Losing 30% of an equivalent size, $35,000 gasoline vehicle = $10,500
The loss difference wipes out any tax credit subsidies. 


Maine as Third World Country:

CMP Transmission Rate Skyrockets 19.6% Due to Wind Power


Click here to read how the Maine ratepayer has been sold down the river by the Angus King cabal.

Maine Center For Public Interest Reporting – Three Part Series: A CRITICAL LOOK AT MAINE’S WIND ACT


(excerpts) From Part 1 – On Maine’s Wind Law “Once the committee passed the wind energy bill on to the full House and Senate, lawmakers there didn’t even debate it. They passed it unanimously and with no discussion. House Majority Leader Hannah Pingree, a Democrat from North Haven, says legislators probably didn’t know how many turbines would be constructed in Maine if the law’s goals were met." . – Maine Center for Public Interest Reporting, August 2010 https://www.pinetreewatchdog.org/wind-power-bandwagon-hits-bumps-in-the-road-3/From Part 2 – On Wind and Oil Yet using wind energy doesn’t lower dependence on imported foreign oil. That’s because the majority of imported oil in Maine is used for heating and transportation. And switching our dependence from foreign oil to Maine-produced electricity isn’t likely to happen very soon, says Bartlett. “Right now, people can’t switch to electric cars and heating – if they did, we’d be in trouble.” So was one of the fundamental premises of the task force false, or at least misleading?" https://www.pinetreewatchdog.org/wind-swept-task-force-set-the-rules/From Part 3 – On Wind-Required New Transmission Lines Finally, the building of enormous, high-voltage transmission lines that the regional electricity system operator says are required to move substantial amounts of wind power to markets south of Maine was never even discussed by the task force – an omission that Mills said will come to haunt the state.“If you try to put 2,500 or 3,000 megawatts in northern or eastern Maine – oh, my god, try to build the transmission!” said Mills. “It’s not just the towers, it’s the lines – that’s when I begin to think that the goal is a little farfetched.” https://www.pinetreewatchdog.org/flaws-in-bill-like-skating-with-dull-skates/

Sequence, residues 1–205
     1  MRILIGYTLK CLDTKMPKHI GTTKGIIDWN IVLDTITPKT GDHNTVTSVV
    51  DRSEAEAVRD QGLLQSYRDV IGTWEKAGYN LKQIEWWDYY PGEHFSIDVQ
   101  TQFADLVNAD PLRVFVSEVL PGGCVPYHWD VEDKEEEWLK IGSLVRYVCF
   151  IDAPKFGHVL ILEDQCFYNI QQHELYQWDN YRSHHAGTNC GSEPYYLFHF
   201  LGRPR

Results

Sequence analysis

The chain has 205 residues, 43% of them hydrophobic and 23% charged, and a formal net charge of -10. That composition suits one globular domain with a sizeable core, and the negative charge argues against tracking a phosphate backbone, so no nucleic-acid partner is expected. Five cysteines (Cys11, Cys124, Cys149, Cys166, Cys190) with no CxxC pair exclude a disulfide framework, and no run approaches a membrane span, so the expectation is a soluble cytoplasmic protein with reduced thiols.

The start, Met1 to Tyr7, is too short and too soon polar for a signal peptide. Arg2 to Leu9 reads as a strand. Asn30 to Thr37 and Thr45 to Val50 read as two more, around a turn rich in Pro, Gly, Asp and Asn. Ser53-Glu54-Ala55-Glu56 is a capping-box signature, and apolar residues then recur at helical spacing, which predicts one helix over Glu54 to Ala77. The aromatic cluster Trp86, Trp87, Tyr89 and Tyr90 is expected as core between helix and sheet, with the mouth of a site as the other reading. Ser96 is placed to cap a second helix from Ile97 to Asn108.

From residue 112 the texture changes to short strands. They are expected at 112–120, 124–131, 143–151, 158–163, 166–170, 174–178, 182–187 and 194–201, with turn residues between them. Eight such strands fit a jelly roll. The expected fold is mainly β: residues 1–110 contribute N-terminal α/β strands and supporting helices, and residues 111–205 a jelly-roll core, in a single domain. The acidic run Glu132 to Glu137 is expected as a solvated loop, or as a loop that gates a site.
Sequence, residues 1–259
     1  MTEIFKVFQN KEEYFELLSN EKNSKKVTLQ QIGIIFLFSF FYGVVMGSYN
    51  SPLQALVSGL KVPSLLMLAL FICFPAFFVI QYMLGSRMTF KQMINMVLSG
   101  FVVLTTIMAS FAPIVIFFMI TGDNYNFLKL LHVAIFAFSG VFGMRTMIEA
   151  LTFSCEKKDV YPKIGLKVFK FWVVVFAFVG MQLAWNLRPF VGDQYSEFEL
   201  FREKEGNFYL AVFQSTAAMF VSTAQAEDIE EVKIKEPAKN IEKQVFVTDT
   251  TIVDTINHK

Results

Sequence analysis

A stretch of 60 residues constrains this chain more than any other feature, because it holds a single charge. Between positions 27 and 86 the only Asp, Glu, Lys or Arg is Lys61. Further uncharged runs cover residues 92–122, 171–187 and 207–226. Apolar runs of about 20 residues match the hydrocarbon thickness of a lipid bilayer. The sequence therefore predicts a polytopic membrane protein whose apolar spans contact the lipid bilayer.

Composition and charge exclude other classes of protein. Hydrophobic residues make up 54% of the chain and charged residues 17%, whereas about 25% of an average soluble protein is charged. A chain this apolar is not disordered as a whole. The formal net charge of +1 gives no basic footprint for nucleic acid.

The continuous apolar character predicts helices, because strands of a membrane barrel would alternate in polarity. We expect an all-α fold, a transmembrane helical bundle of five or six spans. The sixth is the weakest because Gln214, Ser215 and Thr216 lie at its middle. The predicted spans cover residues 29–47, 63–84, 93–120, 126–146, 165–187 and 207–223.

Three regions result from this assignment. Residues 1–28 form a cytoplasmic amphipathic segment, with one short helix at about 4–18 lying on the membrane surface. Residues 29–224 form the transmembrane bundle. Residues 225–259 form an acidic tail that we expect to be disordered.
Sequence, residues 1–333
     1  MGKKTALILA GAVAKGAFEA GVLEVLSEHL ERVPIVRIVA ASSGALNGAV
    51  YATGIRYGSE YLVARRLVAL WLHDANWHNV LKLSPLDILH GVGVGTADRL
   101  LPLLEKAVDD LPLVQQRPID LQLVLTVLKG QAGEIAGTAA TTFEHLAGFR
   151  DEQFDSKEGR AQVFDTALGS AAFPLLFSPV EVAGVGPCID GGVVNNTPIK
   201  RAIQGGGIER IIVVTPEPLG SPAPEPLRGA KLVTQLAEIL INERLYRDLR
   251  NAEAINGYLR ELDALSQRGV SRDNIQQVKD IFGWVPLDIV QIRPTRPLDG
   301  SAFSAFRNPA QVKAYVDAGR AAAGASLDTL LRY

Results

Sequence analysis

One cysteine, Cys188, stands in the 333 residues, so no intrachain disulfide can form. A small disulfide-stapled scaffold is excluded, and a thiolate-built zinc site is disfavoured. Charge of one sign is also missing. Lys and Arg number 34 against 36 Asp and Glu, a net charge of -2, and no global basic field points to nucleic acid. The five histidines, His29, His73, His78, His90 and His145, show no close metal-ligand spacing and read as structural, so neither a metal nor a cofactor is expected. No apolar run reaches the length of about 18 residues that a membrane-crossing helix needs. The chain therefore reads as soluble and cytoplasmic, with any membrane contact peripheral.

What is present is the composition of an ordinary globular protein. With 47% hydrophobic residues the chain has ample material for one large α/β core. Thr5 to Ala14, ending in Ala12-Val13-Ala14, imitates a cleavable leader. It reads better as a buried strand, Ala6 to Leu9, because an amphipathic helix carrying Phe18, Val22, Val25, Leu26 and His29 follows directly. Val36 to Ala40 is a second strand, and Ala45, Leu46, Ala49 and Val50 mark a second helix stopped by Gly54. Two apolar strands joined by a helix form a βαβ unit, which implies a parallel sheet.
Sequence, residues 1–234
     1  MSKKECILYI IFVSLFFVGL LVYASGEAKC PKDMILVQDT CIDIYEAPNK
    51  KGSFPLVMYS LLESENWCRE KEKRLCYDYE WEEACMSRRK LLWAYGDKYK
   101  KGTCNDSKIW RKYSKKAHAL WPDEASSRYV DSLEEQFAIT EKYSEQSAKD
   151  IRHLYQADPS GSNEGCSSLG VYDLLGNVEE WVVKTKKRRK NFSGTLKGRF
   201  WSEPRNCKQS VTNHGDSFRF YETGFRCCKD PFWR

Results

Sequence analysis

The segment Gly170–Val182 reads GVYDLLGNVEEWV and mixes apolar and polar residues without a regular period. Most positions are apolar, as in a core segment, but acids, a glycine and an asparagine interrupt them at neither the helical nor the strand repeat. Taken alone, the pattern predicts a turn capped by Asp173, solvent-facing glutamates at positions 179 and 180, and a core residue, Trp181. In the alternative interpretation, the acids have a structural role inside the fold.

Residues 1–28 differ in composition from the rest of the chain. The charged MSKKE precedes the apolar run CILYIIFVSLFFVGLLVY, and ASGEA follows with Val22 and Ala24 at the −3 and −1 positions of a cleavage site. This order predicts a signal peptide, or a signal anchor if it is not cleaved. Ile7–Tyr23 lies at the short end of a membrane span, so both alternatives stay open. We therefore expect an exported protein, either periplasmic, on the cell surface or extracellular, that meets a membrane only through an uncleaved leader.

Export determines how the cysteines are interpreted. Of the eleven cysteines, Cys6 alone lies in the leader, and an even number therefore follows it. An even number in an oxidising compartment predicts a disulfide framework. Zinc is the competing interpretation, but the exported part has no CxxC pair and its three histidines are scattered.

Not yet a member?

Sign up today and lend your voice and presence to the steadily rising tide that will soon sweep the scourge of useless and wretched turbines from our beloved Maine countryside. For many of us, our little pieces of paradise have been hard won. Did the carpetbaggers think they could simply steal them from us?

We have the facts on our side. We have the truth on our side. All we need now is YOU.

“First they ignore you, then they laugh at you, then they fight you, then you win.”

 -- Mahatma Gandhi

"It's not whether you get knocked down: it's whether you get up."
Vince Lombardi 

Task Force membership is free. Please sign up today!

Hannah Pingree on the Maine expedited wind law

Hannah Pingree - Director of Maine's Office of Innovation and the Future

"Once the committee passed the wind energy bill on to the full House and Senate, lawmakers there didn’t even debate it. They passed it unanimously and with no discussion. House Majority Leader Hannah Pingree, a Democrat from North Haven, says legislators probably didn’t know how many turbines would be constructed in Maine."